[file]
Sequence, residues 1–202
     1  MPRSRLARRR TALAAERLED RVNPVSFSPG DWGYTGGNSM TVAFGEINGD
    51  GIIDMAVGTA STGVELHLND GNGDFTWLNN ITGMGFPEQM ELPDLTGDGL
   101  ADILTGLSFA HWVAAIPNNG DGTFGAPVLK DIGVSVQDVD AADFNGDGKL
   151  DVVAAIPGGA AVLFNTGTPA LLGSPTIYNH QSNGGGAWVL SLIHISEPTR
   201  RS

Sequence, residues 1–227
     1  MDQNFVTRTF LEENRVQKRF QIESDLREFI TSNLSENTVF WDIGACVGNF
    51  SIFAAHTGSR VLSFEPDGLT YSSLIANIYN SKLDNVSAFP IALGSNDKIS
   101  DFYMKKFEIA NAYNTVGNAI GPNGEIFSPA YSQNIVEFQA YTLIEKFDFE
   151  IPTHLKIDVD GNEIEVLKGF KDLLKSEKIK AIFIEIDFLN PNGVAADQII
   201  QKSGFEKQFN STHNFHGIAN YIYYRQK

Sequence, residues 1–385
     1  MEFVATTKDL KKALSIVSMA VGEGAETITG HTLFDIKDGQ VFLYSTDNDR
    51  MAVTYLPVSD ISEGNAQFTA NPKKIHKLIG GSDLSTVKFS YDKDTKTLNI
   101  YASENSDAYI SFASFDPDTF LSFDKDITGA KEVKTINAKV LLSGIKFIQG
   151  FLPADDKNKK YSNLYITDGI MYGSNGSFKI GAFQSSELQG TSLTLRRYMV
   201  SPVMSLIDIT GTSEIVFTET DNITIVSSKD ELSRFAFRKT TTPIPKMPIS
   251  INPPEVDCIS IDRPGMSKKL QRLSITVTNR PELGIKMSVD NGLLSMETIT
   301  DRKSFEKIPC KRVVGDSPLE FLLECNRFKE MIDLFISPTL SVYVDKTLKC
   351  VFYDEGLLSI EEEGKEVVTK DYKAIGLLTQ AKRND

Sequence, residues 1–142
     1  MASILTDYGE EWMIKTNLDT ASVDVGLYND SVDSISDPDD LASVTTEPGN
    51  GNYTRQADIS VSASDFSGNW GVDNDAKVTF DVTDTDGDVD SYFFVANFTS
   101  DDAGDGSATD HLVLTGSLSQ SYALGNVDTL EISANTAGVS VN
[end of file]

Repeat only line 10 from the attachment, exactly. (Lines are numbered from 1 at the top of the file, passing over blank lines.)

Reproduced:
   101  DFYMKKFEIA NAYNTVGNAI GPNGEIFSPA YSQNIVEFQA YTLIEKFDFE